Pathfinder 2e: Actual Play Experience

Last night I ran the initial session for Hellknight Hill and it had a few bumpy moments but it went pretty well.
I've been a big fan of the Adventure paths since they started coming out for PF and so I figured I'd go with this
book to start my group on Pathfinder 2nd Ed to see the balance of their encounters and the difficulties the writers think work well.

The book isn't written all that well and you can kind of tell the rules were still be decided while it was being
written and it feels rushed (ie. just like Horde of the Dragon Queen for D&D 5th Ed). Hopefully the path gets better as the you get deeper into the book series. My 3 players are all long term players of RPG's (all in their 40's) and they all really liked character creation and found it was fun. The 3 action economy definitely runs smoothly and they enjoyed it but you can tell it makes them think about their choices wisely. They used some social skills in the Tavern and were able to gather info well during that scene. The initiative runs pretty much like any initiative but the change to perception went ok and the rogue using stealth instead didn't really cause much confusion (basically he was in stealth mode and when an encounter started he stayed in stealth mode when everyone rolled perception and his stealth number is compared to the others perception number).

We have a wizard and cleric and both players enjoyed their spell selections and cantrips really have enhanced how good a caster can be (just like it did in D&D 5th Ed). The fighter had a run of bad luck and really had a hard time hitting his targets but he understands that sometimes it is just luck or bad luck. I'm thinking conditions are going to take a minute to get used to the new rules but I think after a couple more sessions it will all become second nature.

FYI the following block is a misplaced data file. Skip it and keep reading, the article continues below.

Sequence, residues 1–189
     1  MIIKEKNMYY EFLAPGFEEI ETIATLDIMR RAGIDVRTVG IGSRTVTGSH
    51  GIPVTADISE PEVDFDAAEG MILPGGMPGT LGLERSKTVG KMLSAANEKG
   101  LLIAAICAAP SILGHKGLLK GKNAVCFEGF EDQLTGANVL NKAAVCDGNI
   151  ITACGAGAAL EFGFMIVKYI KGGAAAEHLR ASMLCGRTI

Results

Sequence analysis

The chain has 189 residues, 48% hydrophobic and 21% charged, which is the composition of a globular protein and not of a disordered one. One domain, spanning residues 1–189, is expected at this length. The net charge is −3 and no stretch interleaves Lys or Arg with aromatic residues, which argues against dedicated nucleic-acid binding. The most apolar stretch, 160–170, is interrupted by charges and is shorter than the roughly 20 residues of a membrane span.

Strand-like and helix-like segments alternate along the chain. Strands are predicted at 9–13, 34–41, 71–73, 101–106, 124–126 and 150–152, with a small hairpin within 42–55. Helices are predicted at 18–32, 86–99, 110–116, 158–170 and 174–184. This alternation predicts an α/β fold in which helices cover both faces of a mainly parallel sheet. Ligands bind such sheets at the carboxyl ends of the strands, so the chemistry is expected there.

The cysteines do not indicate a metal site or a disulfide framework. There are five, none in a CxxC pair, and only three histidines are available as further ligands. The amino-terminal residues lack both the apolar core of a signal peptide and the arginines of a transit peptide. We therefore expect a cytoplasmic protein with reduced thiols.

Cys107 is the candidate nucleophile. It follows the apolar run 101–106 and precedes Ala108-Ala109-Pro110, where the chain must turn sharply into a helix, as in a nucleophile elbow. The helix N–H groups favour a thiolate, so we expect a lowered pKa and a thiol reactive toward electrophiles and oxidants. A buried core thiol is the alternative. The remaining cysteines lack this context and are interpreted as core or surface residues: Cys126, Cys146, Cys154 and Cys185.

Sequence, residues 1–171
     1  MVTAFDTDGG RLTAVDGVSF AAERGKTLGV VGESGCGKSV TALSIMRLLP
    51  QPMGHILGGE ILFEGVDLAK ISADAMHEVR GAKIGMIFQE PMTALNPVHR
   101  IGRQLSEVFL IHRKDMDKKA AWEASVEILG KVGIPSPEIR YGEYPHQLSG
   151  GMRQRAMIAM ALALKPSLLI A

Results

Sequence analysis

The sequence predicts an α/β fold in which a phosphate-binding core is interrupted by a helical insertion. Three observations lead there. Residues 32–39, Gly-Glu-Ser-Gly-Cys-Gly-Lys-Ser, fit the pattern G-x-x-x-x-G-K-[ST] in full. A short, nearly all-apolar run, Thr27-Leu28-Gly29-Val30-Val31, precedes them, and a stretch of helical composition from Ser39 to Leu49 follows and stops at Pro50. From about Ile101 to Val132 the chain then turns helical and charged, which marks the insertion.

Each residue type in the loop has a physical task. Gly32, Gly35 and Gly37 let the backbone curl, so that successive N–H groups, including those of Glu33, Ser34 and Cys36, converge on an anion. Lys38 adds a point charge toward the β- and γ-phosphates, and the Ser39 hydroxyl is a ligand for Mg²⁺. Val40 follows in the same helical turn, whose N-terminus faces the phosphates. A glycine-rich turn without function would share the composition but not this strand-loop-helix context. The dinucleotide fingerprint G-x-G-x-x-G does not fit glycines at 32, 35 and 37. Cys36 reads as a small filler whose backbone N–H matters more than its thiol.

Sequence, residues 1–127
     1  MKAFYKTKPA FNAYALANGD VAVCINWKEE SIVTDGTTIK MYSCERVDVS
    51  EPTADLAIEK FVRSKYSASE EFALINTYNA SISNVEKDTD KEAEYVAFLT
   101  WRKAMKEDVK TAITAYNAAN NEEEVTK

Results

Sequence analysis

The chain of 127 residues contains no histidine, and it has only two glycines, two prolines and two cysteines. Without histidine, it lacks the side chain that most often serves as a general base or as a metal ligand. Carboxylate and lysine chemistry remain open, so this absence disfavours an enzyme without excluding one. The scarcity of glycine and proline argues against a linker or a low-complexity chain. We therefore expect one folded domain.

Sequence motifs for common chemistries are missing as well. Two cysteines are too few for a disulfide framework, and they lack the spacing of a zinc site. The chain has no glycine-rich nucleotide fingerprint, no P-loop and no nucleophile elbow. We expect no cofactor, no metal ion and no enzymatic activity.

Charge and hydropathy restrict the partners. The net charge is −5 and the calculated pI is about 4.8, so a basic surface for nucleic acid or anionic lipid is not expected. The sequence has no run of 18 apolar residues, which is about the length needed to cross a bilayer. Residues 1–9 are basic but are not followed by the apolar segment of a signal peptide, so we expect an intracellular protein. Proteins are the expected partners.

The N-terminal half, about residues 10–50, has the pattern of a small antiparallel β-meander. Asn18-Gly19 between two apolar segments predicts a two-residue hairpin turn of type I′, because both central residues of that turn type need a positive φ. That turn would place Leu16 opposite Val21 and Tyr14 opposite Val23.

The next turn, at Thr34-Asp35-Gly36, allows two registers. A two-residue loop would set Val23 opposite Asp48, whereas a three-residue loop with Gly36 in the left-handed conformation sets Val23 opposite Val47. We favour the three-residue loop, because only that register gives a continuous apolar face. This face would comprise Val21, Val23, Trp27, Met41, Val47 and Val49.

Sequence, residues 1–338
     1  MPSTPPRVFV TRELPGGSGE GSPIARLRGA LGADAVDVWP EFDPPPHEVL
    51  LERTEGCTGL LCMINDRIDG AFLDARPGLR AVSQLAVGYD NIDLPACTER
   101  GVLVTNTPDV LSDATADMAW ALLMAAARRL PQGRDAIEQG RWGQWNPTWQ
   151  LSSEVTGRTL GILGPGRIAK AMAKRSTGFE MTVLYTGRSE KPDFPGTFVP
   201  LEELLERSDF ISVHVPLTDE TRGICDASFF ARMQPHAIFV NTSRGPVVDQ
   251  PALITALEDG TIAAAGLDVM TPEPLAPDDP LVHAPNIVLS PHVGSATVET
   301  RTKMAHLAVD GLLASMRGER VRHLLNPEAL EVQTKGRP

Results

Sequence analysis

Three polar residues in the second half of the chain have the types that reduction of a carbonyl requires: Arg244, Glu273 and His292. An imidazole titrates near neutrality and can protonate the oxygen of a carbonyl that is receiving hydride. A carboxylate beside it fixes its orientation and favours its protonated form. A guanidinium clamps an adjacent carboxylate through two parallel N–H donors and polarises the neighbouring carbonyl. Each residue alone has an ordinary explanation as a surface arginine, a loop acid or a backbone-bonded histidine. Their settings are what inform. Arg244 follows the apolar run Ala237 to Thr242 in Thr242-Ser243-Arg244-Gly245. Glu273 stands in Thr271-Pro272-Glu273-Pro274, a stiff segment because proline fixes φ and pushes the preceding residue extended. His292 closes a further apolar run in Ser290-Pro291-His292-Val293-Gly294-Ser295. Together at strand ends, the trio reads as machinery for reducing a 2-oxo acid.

I'll keep you all updated as the game goes on.
Ah, someone who understands the intent behind this thread. Thank you for actually providing some actual real play experience. Muchly appreciated.

Very interested in how the wizard player feels as the game progresses.
 

Kel Ardan

Explorer
So I ran our third game of Hellknight Hill and my players are really getting into how to use their three actions in different ways and are also planning strategies on how to use them together for when encounters occur (in character). To answer the question above, the wizard is really enjoying the system so far and realized he had to plan his spells out a little better, he also has used his social skill to help the party out. The Wizard and Cleric also realized that the spells they are used to using in other editions are not the same and had to go back to the drawing books per say to readjust what spells they can use and when.

Exploring mode is different but they fell in line dictating who is doing what pretty easily and the rules are easy to play but just takes a bit to know them all. They just got to level at the end of this session and I'll keep you in the loop on how they feel leveling is going and if they think that it advances them enough. Overall great third session in the books however I do have a rule I'd like to ask about that I want to know if we are interpreting it correctly.

If you role a natural 20 on a skill/ attack it automatically bumps the condition of said roll to the next stage (ie. a critical failure becomes a failure, a failure becomes a success, and a success becomes a critical success). Please let me know what your opinion on this is to make sure we are reading this correctly.

Thank you
 

kenada

Explorer
If you role a natural 20 on a skill/ attack it automatically bumps the condition of said roll to the next stage (ie. a critical failure becomes a failure, a failure becomes a success, and a success becomes a critical success). Please let me know what your opinion on this is to make sure we are reading this correctly.
That’s a correct understanding. I think there is a place where it suggests otherwise for attacks, but that’s a mistake. Errata is due on the 30th, which should help clarify things (though AFAIK they won’t yet be updating the PDF with the changes).
 

GrahamWills

Adventurer
So I ran our third game of Hellknight Hill and my players are really getting into how to use their three actions in different ways and are also planning strategies on how to use them together for when encounters occur (in character). To answer the question above, the wizard is really enjoying the system so far ...